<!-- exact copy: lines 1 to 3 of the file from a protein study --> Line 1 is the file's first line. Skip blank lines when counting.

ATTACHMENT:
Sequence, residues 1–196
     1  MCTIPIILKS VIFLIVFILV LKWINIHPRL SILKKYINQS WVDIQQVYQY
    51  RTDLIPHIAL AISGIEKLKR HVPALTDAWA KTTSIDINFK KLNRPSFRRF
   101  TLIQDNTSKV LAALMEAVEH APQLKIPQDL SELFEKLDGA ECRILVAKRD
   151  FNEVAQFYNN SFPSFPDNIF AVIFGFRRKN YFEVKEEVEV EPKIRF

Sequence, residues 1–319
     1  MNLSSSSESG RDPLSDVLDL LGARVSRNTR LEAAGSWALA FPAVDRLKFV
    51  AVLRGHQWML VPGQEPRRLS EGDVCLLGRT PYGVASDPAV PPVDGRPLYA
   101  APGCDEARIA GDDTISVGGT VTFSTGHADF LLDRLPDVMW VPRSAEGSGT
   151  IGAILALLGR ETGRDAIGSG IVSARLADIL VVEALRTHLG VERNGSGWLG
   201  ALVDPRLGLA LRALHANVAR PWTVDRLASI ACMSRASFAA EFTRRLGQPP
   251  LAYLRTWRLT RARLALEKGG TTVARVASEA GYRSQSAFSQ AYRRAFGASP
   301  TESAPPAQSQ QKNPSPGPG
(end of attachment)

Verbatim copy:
Sequence, residues 1–196
     1  MCTIPIILKS VIFLIVFILV LKWINIHPRL SILKKYINQS WVDIQQVYQY
    51  RTDLIPHIAL AISGIEKLKR HVPALTDAWA KTTSIDINFK KLNRPSFRRF